Imagine that you are implementing some form object because you are fed up with treating ActiveRecord models as such, and you need some extra flexibility. You start with a straightforward implementation for a base class of a form object where you can just whitelist attributes. That could look like this:
1 2 3 4 5 6 7 8 9 10 11 12 13 14 15 16 17
Since the base class is ready, you can create a first form object that would inherit from this class:
1 2 3
Initially, it does the job, but then it turns out that you might need a default value if
some_attribute turns out to be nil. So you try something like that:
1 2 3 4 5 6 7
After checking if the default value works, this is what you get:
Whoops! How did it happen? The method was defined in the superclass so it should be inheritable, right?
Well, this is not really true. However, the problem is easy to fix.
Anatomy Of The Problem
The primary question we should answer in the first place is: where are all those new methods defined using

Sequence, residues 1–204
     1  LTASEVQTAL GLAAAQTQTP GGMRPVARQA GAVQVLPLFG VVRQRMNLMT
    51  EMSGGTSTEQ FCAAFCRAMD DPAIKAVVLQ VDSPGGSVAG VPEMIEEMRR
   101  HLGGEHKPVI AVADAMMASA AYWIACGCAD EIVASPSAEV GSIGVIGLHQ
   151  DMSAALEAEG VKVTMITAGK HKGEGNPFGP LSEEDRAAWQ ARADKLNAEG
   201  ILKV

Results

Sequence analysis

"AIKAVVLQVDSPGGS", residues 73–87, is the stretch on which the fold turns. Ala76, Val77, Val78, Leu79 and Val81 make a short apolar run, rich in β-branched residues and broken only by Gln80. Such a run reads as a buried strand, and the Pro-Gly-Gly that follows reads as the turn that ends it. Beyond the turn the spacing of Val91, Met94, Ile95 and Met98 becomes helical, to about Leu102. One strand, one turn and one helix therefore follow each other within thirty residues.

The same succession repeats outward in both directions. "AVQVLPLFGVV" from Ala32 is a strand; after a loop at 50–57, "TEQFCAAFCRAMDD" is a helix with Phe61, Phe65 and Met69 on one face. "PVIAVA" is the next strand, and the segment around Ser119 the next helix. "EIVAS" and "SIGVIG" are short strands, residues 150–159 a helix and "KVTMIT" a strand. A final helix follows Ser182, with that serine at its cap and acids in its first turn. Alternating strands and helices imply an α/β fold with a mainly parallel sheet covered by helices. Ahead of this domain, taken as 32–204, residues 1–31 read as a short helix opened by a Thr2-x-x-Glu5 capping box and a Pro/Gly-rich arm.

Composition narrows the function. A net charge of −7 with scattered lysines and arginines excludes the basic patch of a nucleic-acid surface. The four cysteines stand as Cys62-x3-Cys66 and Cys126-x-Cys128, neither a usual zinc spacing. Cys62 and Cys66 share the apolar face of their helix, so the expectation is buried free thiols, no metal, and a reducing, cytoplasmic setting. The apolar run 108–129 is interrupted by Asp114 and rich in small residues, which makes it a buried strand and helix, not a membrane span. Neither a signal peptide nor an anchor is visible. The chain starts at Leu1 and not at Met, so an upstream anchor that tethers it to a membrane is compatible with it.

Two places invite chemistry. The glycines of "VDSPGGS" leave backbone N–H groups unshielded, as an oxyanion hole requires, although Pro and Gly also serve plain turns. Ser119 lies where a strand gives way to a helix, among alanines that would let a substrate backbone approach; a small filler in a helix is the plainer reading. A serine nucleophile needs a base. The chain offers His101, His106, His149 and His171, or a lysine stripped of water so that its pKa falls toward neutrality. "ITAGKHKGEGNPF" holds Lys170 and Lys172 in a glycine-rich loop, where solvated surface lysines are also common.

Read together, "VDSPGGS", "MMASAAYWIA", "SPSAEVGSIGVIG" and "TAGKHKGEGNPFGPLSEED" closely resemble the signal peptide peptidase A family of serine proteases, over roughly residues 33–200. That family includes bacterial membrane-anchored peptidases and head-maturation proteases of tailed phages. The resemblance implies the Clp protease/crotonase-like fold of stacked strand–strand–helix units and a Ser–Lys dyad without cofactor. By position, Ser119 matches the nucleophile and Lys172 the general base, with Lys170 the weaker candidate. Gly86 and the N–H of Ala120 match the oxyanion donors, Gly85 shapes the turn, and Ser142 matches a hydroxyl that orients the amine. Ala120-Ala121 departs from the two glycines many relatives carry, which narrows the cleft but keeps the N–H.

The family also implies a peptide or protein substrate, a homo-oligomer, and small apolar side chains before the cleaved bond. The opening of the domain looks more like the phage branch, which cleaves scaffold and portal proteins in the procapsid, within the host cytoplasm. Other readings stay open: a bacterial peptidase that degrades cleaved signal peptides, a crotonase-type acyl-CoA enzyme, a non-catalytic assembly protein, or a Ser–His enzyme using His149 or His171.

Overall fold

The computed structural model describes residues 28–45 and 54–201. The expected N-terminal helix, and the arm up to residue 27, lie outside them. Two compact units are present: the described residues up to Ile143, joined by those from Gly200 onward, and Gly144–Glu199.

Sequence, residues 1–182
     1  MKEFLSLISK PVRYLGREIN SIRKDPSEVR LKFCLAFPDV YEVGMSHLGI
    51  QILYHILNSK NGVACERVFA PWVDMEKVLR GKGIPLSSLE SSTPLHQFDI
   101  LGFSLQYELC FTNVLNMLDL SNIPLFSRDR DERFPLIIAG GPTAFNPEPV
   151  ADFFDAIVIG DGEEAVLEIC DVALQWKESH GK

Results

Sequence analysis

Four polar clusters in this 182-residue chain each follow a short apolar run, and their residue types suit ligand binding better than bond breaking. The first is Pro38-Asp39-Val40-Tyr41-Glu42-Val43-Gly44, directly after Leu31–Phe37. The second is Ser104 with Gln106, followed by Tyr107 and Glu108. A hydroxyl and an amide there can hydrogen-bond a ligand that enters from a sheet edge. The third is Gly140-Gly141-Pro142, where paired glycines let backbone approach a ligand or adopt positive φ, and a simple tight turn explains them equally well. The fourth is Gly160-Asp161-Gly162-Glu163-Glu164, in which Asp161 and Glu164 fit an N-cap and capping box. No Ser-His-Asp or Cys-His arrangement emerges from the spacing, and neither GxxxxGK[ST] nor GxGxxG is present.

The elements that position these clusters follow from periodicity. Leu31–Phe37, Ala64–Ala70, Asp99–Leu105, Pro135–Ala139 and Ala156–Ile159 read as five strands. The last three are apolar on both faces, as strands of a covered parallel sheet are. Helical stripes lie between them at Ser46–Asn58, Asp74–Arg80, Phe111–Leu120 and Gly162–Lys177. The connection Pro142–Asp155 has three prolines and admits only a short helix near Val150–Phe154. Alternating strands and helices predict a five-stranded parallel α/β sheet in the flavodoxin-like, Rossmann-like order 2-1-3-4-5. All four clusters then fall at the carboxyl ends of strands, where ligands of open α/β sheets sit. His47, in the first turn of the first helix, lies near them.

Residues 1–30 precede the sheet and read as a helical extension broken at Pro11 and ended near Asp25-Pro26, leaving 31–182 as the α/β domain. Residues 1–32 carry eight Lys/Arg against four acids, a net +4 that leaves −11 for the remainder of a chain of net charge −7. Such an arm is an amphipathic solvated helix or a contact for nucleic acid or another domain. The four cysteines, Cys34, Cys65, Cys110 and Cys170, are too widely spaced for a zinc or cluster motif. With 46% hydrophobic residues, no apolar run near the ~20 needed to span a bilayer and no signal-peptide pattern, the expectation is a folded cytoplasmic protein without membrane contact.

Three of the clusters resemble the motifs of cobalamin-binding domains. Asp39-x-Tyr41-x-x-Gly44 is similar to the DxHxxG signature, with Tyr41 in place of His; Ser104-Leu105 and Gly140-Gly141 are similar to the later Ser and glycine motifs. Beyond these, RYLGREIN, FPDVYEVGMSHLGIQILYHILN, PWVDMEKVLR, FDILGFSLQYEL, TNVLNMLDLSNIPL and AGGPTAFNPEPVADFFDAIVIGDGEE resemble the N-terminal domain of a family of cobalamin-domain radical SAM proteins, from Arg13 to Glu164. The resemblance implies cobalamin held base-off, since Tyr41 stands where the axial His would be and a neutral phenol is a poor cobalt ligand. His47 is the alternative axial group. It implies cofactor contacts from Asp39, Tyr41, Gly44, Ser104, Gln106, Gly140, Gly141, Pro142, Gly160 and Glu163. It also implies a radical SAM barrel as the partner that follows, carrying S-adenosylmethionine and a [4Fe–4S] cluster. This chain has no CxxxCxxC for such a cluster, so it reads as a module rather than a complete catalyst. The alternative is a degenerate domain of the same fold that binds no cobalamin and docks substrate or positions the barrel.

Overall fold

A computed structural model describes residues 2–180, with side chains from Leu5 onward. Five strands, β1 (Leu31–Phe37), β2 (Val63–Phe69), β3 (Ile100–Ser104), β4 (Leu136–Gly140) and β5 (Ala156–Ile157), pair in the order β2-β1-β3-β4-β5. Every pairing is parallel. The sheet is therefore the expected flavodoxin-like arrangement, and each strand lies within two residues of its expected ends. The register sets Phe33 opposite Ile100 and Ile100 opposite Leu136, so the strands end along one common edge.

define_method in that particular way? Is it a superclass?
It’s definitely not a superclass – there are no any instance methods defined there, there are only the ones inherited from
Object. What about
Now the error that we initially got makes way more sense. The entire issue is caused by the fact that the declaration of the attribute happens in
MyFormWithDefaultValue, if it were defined in a base class, there would be no any issue. We can verify it with a simple example:
1 2 3 4 5 6 7 8 9
Now that we fully understand the problem let’s think about the solution. Ideally, about the one, that doesn’t require defining explicitly an intermediate class that we can inherit from.
How about defining a module instead? Modules are also included in the inheritance chain, and for using
super, it doesn’t matter if the method is defined in the class or a module.
The exact solution to the problem would be wrapping the definition of new methods that happens in
FormObject inside some module, it could be even an anonymous one, and including it right away:
1 2 3 4 5 6 7 8 9 10 11 12 13 14 15 16 17 18 19 20
Let’s verify if the new solution works:
Yay! It does exactly what we wanted to achieve.
Metaprogramming in Ruby is a powerful tool, however; it can lead to some issues that might not be obvious why they happen. Fortunately, with enough knowledge of the language, those problems can be solved elegantly.